Monday, January 19, 2015

A Jubilant Confluence

A Jubilant Confluence

By Tom Wachunas

   “… in both life and art, we register only those details that actually matter to us. What, then, are the roles of seeing relationships, accidents, morphologies, systems? Do we communicate what we see in metaphors? Allusions? Parables? Abstractions? Structures? What, indeed, are the processes of thinking and wondering that make science and the arts work?”  - Jack McWhorter


    EXHIBIT: Simply Burning – Paintings by Jack McWhorter, THROUGH MARCH 8 at Gallery 121, 121 Lincoln Way West, downtown Massillon. Hours: Monday – Thursday 11:00 a.m. – 11:00 p.m. / Friday – Saturday 11:00 a.m. – midnight / closed Sundays

    If you’ve not ventured into downtown Massillon in the last several months, don’t be too deceived by the name of the venue now hosting a solo exhibit by painter Jack McWhorter. While Gallery 121 isn’t exclusively an art gallery per se, from the outset the owners of this new upscale nightspot for food and cocktails were seriously committed to sating aesthetic appetites as well by providing a very long white wall, brightly lit and fitted to hang original art.

    I think it useful if not necessary to introduce those of you not yet familiar with McWhorter’s work by directing you to a review I wrote in 2012: 

    In many ways, what I said then is still apropos to this collection of 16 paintings, most of them from 2014. McWhorter continues to explore the confluence of art and science – a remarkable formalization of intuition. The push-and-pull dynamic between organic and geometric shapes and structures still constitutes his visual syntax. And the paintings continue to evoke cosmological and/or biological diagrams, models, or paradigms that scientists use to delineate the workings of esoteric physical phenomena and ephemeral forces in flux.   
    Yet these recent works are invested with a distinctly more intensified painterly panache than in the past. Even when a layer of paint gets scraped away or thinned, the overall character of the markmaking exudes a rigorous confidence. Coupled with a brighter, more elevated palette, many of these newer pieces pulse, seethe and crackle with what can only be called jubilant energy in the way they describe excited interactions of rhythm, pattern and motion – systems or processes simultaneously matured and nascent, static and morphing.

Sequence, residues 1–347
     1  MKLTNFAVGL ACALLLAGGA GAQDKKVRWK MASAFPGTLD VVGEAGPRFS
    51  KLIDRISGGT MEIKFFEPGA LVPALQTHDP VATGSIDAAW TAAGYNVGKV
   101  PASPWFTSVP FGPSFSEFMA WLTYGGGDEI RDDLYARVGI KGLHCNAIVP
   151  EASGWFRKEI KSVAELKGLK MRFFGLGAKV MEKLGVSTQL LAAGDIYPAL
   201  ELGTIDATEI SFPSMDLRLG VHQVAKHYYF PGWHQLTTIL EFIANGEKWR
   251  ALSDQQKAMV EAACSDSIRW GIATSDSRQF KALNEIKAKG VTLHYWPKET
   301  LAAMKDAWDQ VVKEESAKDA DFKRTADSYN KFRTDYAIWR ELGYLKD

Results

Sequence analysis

A particularly effective component of the exhibit are the small reproductions of line drawings with text notes mounted alongside the paintings. The drawings appear to be the germs of ideas for structuring the picture plane, i.e., establishing a pictorial architecture. The notes – streamings of single words and brief phrases – often read like a lyrical flow of consciousness, as in this example accompanying the painting titled Sudden Change : Living system/ rendering examples of time / choices symbolic / outside, inside/ impossible to draw / dwell within  
   Think of these combined elements – sketches and text - as conceptual guideposts or prompts for interpreting nuances of meaning in the paintings. And in the process, you might consider how it is indeed possible to articulate intriguing poetry with a paint brush.

    PHOTOS, from top: Fire and Purity, oil and graphite powder on paper, 20x26 inches, 2011 / Fire Water, oil on canvas, 54x60 inches, 2014 / Aggregate, oil on canvas, 54x60 inches, 2014 / Sudden Change, oil on canvas, 34x40 inches, 2014 / Desire and Change, oil on canvas, 34x40 inches, 2014

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